The Digest

Where Food Intersects & Other News

7th July 2017

Words: James Hansen

In this week’s food media round-up: the intersections between race and food, mental health and baking, and whisky and detective fiction

Plug in your headphones to begin this week with Soleil Ho and Zahir Janmohamed at Racist Sandwich. Their three-part Pride month podcast begins with an interview from Janmohamed and John Shadel with John Birdsall – whose recent piece on queer culinary space for Eater is an essential read. It is followed by Janmohamed interviewing people of colour at Portland’s pride march, engaging with the whiteness of Pride as a movement as it intersects with queer experience in Portland – “it’s easy to be queer but difficult to be a person of colour”. It culminates with Ho recollecting the role of anime in recognising and owning her own burgeoning queer experience as a child. Pair with their blog – written, this time – on the cardinal sins of food media’s whiteness problem.

Follow with Bonnie TsuiShakirah Simley, Stephen SatterfieldDakota Kim and Tunde Wey at Civil Eats. This roundtable reflects on the virulent backlash against diversity in food media: as Simley puts it, “America and its institutions have a long history of stifling POC voices with indifference and violence; instead of pens and pulpits, people now have mastheads, keyboards, and Twitter accounts”. Trolling and editorial erasure are key topics: there’s also some interesting discussion of the effect of Donald Trump’s election on culinary culture. For more on POTUS and food, check out this piece  from Helen Rosner.

Mayukh Sen resurrects and interrogates his great-grandmother’s culinary identity at Food52. Within the “very distinct caste (Brahmin and Kayastha—that is, high caste), religious (Hindu), and regional (West Bengal) bracket” that shackled Hiranmayi Ghatak, her diet was violently restricted. Sen makes it clear that “these culinary limitations inadvertently contributed to what is now a rich vegetarian cuisine, built around dishes made from scraps of produce. These women are this cuisine’s unsung architects, recognizing a spectrum of possibilities within their loss”. At the same time, he taps in to too-often unspoken violences lurking behind food writing: in celebrating a given cuisine uncritically, what credence does it give to potentially discriminatory, or even inhumane origins?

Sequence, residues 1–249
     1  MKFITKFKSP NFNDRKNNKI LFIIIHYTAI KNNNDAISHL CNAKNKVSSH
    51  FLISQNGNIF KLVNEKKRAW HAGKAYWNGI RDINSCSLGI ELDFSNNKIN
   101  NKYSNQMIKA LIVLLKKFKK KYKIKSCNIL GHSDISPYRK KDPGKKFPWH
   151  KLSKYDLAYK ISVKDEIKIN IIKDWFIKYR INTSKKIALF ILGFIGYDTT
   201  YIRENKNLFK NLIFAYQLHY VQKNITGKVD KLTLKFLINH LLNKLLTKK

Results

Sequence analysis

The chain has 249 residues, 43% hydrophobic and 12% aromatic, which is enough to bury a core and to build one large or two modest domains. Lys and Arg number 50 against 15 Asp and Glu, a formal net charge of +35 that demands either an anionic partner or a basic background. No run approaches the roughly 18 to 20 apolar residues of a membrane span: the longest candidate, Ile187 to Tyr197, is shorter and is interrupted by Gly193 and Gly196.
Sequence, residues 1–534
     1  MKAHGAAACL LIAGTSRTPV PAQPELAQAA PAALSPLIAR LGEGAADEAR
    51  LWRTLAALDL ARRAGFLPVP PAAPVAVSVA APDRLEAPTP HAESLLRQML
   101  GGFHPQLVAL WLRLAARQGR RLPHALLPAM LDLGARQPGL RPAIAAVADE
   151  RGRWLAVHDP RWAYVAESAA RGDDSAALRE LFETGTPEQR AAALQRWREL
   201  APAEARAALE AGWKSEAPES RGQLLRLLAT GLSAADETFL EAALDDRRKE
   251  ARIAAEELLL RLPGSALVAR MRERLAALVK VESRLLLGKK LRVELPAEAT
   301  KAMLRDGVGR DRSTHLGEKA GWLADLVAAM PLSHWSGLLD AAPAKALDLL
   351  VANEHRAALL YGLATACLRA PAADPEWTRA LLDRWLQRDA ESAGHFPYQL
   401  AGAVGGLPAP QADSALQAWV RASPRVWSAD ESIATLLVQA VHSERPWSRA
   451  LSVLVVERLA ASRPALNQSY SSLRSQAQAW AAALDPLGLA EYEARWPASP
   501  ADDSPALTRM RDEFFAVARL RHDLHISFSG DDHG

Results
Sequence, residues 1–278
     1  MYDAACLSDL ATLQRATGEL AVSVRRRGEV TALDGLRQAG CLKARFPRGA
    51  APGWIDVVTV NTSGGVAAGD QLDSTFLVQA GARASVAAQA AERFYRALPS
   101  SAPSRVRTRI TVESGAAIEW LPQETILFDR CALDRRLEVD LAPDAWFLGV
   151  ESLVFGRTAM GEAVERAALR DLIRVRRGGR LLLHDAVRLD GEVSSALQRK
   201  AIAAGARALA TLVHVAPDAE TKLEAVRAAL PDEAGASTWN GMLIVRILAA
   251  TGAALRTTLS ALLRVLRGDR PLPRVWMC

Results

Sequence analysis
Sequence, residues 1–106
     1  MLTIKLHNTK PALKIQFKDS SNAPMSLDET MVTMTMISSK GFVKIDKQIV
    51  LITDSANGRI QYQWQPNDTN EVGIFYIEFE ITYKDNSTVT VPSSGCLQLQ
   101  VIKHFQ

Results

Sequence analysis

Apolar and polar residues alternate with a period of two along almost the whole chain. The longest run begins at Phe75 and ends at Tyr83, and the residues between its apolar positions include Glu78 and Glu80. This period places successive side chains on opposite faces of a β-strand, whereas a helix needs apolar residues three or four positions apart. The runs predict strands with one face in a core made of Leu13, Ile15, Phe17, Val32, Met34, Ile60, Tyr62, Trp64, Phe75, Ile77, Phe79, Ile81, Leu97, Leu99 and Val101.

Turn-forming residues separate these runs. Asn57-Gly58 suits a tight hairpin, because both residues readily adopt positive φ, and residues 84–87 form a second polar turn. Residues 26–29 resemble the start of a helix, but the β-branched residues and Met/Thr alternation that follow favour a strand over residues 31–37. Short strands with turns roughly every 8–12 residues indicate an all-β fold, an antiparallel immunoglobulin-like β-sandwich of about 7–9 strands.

Pick up those headphones once more with The SporkfulDan Pashman interviews food writer David Leite on the symbiotic relationship between his manic depression and what he cooks and eats. Leite recalls his shame at the Portuguese food of his childhood and his latent acceptance of all that it means, before discussing the connection “between mood and food… I was self-medicating with food”. Between obsessing over the texture of cake batter and reflecting on dinner party neuroses (“I don’t want your potato salad at my house, I’ll eat it at your house) Leite unpicks the formal, systemic structure of Being A Food Writer as it dovetails with his mental health. NB: if you take his partner’s food at dinner, “there will be blood”.

We finish with Dave Broom exploring a life through drams with crime writer Ian Rankin at Scotch Whisky. His most famous creation, detective John Rebus, employs the glass of whisky as a totem for his musings over a case; here Rankin waymarks his own past with peat and malt. Whiskies – Scots, Irish – are bywords for memories and character – as Rankin puts it: “It gives an inkling”. When he returns to his motivations – “You write to make sense of the world, how you communicate with the world, and because it’s fun” – his words encircle Broom’s article: each whisky drunk is too a communication with the world. Pair with Tejal Rao at The New York Times on the joy of reading cookbooks.


Posted 7th July 2017

In The Digest


Words: James Hansen

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